When creating your brand image, you will have to choose colors that will represent you. We must see them on your logo of course, but also on your website, publications on social media and promotional items. If you are looking for inspiration to create your logo, here are some tips on how to use green, its meaning, and our choices for the most successful green logos.
There are so many colors available. Why choose green for your company logo? Before we begin, it's important to fully understand the meaning of this color. Your color choices for your brand should not be taken lightly. Precisely, the chosen shades must represent your company, products, and values. As discussed on our webpage on the meaning of colors, green is a cold color that is associated with nature, health, and money. It is also considered the color of hope.
Green may not be the most attention-grabbing color; however, what it represents varies. As we mentioned, it is the color of nature and ecology, but did you know that green is also used to represent certain religious movements including Catholicism and Islam in some corners of the world? It is also a color associated with action and movement – consider traffic lights as an example. In short, green is not just the color of plants!
But how to use green? To start, green is a soothing color. Depending on the desired effect, you may want to match it to a warm color to attract attention, or a cold color to amplify the calming effect. To be precise, green harmonizes well with yellow, blue and white, and its complementary color is red.
Here's one last tip: feel free to try green when creating your logo even if your business isn't associated with nature. If BP did it, you can too.
It is difficult to choose the best green logo. There are however several that have had a strong brand image over the years. Let's see what these special logos have and how the color green has been used within the brand.
The Lacoste logo is a great example of what you can do with green and red. Sometimes it only takes a touch of a complementary color to create a great effect. The primary inspiration for the Lacoste logo comes from its founder René Lacoste, a famous tennis player who had the nickname, the Alligator. Today, when you see this logo on a garment or accessory, you know that it is high-end – unless it is obviously a counterfeit.
Now let's move on to a logo that has evolved well over time: Starbucks. Did you know that this company has been around since 1971? The first Starbucks logo was brown. Then in 1987, green was used for the first time, and it is now the main color of the brand. Another relevant point, Starbucks was successful in its latest redesign by betting on a more minimalist logo, which made it easier to reproduce.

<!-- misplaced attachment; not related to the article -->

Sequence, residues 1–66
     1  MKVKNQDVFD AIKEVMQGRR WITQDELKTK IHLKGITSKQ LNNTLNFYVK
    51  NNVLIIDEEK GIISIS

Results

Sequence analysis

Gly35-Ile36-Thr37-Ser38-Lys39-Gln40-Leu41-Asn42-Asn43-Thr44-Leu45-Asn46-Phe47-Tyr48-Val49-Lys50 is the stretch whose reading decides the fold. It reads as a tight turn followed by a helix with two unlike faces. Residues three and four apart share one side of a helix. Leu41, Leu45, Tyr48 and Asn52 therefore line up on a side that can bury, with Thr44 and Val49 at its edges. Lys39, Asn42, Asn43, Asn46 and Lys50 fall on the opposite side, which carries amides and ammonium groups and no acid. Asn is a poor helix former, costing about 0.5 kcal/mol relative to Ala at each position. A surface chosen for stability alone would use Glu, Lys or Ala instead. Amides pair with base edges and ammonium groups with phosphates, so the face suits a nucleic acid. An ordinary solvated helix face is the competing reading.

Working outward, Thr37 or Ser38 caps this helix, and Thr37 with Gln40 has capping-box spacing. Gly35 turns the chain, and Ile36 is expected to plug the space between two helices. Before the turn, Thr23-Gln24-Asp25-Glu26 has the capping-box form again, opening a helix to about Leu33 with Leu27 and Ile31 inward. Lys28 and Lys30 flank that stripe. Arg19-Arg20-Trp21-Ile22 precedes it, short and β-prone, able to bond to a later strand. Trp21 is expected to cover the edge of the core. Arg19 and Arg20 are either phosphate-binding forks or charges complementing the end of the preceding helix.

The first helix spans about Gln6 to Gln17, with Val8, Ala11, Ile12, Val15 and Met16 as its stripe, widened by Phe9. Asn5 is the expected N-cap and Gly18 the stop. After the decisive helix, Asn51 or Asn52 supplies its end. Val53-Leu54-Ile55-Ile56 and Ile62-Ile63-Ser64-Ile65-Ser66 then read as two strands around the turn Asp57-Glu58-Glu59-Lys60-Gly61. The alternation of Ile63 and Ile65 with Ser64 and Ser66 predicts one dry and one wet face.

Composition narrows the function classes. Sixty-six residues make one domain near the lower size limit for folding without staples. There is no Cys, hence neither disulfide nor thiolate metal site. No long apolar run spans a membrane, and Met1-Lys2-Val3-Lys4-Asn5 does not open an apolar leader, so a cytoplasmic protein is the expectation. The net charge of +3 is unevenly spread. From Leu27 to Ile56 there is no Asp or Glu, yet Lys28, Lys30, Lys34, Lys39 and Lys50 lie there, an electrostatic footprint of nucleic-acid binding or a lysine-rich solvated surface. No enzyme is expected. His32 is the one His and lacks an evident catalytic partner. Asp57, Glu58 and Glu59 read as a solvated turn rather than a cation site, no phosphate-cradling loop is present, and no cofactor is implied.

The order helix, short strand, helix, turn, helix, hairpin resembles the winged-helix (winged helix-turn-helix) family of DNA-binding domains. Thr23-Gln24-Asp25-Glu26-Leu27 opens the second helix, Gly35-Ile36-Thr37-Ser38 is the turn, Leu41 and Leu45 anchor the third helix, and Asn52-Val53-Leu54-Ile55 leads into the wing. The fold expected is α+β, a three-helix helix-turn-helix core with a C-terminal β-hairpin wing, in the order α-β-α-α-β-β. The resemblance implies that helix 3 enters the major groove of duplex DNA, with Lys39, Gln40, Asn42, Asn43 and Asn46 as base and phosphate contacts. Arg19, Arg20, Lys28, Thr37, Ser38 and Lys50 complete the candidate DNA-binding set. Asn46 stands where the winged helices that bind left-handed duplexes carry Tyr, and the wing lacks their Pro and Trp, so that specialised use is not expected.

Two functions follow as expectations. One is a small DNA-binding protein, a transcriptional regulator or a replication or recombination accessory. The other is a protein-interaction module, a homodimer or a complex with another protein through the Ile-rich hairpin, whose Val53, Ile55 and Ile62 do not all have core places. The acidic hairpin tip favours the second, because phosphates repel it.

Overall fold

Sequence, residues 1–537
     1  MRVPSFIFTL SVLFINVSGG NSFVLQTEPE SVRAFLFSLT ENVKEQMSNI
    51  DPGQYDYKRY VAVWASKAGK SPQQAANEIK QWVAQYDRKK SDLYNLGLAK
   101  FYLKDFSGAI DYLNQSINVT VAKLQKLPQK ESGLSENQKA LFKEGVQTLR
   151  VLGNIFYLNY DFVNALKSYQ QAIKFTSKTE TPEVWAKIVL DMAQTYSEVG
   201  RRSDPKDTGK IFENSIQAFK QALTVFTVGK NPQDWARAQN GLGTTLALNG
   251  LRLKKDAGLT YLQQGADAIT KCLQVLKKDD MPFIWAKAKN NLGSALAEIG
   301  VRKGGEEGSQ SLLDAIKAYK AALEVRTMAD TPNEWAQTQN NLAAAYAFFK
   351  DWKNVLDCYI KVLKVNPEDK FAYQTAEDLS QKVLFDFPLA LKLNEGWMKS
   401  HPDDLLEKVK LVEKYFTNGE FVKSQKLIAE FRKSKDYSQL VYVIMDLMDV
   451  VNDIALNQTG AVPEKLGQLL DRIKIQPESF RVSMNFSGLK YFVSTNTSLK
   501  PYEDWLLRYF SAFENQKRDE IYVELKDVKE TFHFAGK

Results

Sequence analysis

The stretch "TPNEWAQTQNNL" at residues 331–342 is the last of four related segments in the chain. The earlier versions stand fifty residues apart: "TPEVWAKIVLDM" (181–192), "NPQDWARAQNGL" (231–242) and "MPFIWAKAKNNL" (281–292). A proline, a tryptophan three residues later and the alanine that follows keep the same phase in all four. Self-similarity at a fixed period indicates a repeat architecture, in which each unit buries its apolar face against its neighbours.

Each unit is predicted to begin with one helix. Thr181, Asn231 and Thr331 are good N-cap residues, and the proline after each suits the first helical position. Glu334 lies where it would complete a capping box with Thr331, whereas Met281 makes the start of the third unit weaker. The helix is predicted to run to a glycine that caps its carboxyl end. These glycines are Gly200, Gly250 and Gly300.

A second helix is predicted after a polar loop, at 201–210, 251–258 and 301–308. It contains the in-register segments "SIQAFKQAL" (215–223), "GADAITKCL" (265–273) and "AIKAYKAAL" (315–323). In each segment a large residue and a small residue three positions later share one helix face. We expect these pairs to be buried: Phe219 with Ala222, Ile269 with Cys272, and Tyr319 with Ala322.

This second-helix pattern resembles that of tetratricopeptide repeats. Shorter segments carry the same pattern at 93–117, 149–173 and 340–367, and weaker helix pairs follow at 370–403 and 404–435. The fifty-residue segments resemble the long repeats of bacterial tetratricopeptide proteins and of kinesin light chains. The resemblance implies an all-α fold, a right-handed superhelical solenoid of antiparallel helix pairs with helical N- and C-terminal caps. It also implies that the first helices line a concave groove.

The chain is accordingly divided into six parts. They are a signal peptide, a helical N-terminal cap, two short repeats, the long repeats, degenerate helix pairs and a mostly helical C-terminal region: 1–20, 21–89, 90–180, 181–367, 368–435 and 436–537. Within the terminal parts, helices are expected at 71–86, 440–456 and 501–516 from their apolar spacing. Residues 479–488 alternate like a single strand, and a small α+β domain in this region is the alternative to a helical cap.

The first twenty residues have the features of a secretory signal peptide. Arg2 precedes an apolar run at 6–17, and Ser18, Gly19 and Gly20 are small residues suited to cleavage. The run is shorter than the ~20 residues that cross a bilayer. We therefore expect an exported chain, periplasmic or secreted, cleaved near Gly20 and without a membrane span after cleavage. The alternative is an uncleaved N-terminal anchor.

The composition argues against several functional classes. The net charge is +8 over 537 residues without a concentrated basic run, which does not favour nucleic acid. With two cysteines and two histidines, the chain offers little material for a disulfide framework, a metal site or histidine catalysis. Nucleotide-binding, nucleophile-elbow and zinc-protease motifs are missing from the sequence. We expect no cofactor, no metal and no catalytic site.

Green has always been used in Spotify's branding. Initially it was more of an avocado shade. During the last redesign, they simplified their logo by opting for only two colors: white (or black if needed) and a much more current lime green. Spotify's logo is very flexible. It can be used as a visual for an application as well as on a website.
Lacoste is not the only company that dared to use green and red when creating their logo. The use of complementary colors can be an interesting option. In short, Mountain Dew has always used green for their logos regardless of the logo's style. Initially, it was to represent nature and now it gives a bit of an energized touch to the logo of this green soft drink.
There are many different shades of green. There is wormwood green, spinach green mint green, etc. The Philadelphia Eagles football team chose midnight green when creating their logo. Green had always been used for the team's branding, but when a little-used shade of green was added as an accent, they stood out. You don't have to use green as the main color of your logo. You can use it very well to accentuate important details.
In conclusion, could green be the perfect color for your logo? You could use it with yellow if you have a business in the food sector or with orange if you want to give a nod to the flag of Ireland. Speaking of the Irish, do you know what the history and symbolism of the Guinness logo is? Enjoy creating!